Runner-up: Teyana Taylor*

Technically Teyana Taylor doesn't qualify as a comeback kid. She has been making music and working with big-name rappers (including Kanye West and Jay-Z) for years—even scoring vocal credits on My Beautiful Dark Twisted Fantasy. But when West premiered his visual treatment for “Fade” during his four-minute “blank slate” at this year’s MTV Video Music Awards, Taylor returned to the nation's consciousness and became the evening’s breakout star.
—Jessie Peterson

* Also winner of Best revival of Flashdance-esque dance moves

Best hair: The Weeknd, because he cut it.

This isn’t a dig on the Toronto native’s former signature look. But since shearing off his locks, the Weekend looks like he’s ready to embark on a new narrative. The video for his lead single features the singer murdering an older version of himself before vandalizing a condo filled with awards, in a sort of updated version of George Michael’s “Freedom” video. Perhaps now is the time that “Starboy” will become a “Starman.”

Most likely to succeed (in 2017):

— Maggie Rogers
— Moses Sumney
— Priests
— Kodie Shane
— Little Simz

Best dressed: Young Thug on the cover of JEFFERY

This year, Young Thug wanted to make two things very clear about himself. One is that his name is Jeffrey. (Actually, the Atlanta rapper briefly dubbed himself “No, My Name is Jeffrey,” in a move that was equal parts whimsy, Prince tribute, and quarter-life crisis.) The other is that he doesn’t care about gender norms. He wore a ruffled periwinkle dress and matching hat on the cover of his latest mixtape, leaving some fans were confused. But Thugger’s outfit shouldn’t come as a surprise—he has a long history of pushing boundaries in rap music, and has spoken openly about incorporating women’s clothes into his style. Whatever the impetus, Young Thug will be remembered for his iconic (and meme-friendly) frock, and his contributions to rap’s complicated relationship with queer identity politics.

Most unlistenable song on an otherwise good album: “Obama,” ANOHNI

ANOHNI trades in urgent, caps-locked statements that mostly favor devastating emotional appeal over specifics. When it comes to music—and especially political music—this is my preferred mode of communication. On her great HOPELESSNESS, ANOHNI trusts that you’ve already done much of the homework for these songs to carry poignancy. But, when the record arrives at its far too on-the-nose centerpiece, “Obama,” the magic’s gone. Over low, undulating synths that crackle and pulse along with her voice (which repeats its subject’s name far too many times), ANOHNI directly addresses President Obama for his continuation of drone warfare and intrusive NSA practices. She makes a noble choice to hold all sides accountable with nuance—we just wish she hadn’t abandoned melody to do so.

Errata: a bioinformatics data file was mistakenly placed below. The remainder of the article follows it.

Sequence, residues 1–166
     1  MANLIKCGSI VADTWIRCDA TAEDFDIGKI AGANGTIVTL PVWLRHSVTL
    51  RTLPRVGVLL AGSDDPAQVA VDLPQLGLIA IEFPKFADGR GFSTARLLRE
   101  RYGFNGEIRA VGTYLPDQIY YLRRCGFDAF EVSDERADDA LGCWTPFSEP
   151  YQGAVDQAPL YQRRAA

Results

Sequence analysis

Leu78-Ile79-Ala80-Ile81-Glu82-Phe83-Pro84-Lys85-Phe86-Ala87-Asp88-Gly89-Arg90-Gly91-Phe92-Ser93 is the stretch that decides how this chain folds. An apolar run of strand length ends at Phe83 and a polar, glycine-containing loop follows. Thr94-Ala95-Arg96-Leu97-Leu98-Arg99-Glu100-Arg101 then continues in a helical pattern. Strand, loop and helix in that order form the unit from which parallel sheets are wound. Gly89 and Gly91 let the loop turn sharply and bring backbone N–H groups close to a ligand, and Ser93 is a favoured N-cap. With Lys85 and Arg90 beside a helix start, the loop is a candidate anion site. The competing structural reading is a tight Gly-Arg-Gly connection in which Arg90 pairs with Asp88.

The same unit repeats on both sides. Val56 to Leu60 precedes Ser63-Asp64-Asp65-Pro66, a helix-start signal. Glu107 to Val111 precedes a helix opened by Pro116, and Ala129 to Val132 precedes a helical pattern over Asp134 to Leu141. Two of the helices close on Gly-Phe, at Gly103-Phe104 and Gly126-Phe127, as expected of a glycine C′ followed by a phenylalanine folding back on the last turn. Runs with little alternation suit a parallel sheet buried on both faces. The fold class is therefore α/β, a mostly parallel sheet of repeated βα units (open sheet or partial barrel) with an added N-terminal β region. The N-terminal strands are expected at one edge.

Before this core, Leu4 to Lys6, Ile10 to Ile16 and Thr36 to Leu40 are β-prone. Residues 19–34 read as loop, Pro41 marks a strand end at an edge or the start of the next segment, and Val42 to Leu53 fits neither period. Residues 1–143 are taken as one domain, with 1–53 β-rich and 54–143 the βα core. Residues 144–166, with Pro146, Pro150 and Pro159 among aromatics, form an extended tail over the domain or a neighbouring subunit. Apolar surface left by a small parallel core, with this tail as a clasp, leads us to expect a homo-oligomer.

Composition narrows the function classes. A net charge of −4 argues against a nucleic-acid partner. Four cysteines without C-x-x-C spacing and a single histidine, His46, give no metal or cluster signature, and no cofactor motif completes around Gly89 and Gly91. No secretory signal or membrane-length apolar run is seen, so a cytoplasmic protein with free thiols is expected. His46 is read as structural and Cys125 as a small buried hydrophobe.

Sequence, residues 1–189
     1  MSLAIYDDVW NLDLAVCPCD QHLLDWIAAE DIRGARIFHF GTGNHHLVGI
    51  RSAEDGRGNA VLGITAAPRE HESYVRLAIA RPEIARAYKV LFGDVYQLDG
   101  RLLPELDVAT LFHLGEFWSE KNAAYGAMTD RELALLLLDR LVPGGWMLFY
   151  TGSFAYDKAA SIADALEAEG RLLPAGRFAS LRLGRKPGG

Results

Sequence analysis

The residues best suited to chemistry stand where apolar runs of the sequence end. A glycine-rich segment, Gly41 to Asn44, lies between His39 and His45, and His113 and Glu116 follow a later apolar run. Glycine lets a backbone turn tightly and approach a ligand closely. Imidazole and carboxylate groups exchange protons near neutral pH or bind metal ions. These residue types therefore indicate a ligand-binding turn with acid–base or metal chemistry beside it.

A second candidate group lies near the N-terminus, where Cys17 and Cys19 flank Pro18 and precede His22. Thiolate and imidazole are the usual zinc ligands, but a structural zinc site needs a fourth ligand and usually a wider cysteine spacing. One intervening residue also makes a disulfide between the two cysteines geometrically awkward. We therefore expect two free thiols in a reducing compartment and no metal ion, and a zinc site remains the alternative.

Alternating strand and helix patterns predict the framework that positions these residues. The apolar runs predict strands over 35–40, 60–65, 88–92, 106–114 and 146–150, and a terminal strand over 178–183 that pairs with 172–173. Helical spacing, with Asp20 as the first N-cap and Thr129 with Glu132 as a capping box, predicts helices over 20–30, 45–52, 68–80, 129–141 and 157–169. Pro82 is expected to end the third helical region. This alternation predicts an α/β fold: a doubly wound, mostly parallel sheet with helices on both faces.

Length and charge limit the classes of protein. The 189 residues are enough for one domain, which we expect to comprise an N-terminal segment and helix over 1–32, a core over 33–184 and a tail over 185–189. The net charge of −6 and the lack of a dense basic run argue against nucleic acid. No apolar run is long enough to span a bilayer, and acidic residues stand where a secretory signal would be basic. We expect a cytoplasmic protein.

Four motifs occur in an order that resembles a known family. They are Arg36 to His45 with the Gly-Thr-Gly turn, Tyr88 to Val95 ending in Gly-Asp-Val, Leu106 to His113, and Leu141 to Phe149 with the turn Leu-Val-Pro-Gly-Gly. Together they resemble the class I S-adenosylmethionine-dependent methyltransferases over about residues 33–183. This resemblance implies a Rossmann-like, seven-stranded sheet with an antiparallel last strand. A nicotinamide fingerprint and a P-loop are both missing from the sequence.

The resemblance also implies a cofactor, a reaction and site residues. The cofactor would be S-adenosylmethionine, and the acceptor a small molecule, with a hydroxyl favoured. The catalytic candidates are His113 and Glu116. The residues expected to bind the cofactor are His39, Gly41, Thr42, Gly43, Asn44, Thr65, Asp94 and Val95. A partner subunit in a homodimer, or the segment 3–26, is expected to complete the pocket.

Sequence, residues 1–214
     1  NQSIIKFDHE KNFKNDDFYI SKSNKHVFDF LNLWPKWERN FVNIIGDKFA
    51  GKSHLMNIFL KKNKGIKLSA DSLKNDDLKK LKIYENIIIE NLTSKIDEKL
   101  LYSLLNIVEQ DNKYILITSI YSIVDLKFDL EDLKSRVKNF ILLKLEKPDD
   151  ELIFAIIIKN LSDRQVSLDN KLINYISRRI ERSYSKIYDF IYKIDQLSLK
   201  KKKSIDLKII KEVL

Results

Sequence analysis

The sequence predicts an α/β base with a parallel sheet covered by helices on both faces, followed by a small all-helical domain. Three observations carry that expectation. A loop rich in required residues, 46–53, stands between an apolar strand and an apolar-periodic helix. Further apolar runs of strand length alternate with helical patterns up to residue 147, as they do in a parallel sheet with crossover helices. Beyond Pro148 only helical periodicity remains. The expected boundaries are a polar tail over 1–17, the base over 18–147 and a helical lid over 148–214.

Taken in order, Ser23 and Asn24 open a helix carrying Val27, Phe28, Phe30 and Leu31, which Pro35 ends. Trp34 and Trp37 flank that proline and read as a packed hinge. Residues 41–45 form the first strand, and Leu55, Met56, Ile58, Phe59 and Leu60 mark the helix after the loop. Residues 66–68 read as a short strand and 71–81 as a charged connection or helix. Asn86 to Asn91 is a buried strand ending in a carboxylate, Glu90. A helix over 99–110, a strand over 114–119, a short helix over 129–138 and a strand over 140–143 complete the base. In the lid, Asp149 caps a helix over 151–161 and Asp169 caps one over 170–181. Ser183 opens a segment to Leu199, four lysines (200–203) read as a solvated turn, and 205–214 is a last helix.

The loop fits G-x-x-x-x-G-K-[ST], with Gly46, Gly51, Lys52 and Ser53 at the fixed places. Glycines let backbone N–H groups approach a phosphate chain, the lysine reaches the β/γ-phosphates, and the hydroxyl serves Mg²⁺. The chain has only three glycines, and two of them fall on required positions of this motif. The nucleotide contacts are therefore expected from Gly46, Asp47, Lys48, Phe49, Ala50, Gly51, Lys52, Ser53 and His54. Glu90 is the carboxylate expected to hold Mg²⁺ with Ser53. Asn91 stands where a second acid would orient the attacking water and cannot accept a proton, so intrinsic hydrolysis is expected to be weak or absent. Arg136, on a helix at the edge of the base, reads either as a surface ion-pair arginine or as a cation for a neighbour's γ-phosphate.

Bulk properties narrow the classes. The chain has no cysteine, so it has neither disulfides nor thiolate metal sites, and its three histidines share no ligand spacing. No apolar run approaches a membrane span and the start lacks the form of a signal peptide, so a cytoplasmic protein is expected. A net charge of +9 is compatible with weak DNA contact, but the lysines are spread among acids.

Best name for Kanye’s latest album: Waves
Worst name for Kanye’s latest album: TLOP (not The Life of Pablo, but its acronym, which has the unfortunate quality of reminding us of tilapia and also of flops.)

Best on Twitter:

Most tired beef: All beefs.

In 2017, let’s retire beefs.

Reunion we were most onboard with: A Tribe Called Quest

Usually when a group loses a founding member, they may stumble in picking up the pieces. It can lead to a prolonged hiatus, or a stand-in who’s never quite the same. But when Phife Dawg tragically passed away in March, A Tribe Called Quest was already hard at work on their first album in 16 years. And what better way to honor a lifelong friend than to finish the project with a renewed sense of purpose? Released just days apart, the election results and We Got it from Here … Thank You 4 Your Service sound like an unintentional call and response. This might be their final statement, but Tribe sounds like they’re ready to combat the bullshit for another four years—or however long we need them to.

Best album that sounded like early-2000s Phoenix: The 1975’s I like it when you sleep, for you are so beautiful yet so unaware of it*

We live in a time of strained relatability. Carpool Karaoke, Lip Sync Battle, and Paul McCartney doing the #MannequinChallenge have pummeled us with a similar message: Can’t you see, I’m just like you, but hanging out with James Corden! The 1975’s Matty Healy couldn’t care less about this sort of performative schtick. No one else operating in the “biggest band in the world” conversation had the hubris or downright delusion to aim higher than Healy this year. I like it when you sleep, but this album title is ridiculous threw everything it could at the wall, from slinky INXS dance rock to roomy ambient interludes, all from a frontman who’s more untouchable misanthrope than someone you’d bring home to mom and dad. A lot of strange things happened this year, but I never thought The 1975 setting a new bar for M83 and Phoenix would be among them.

* Also winner of Most extra album title of all time.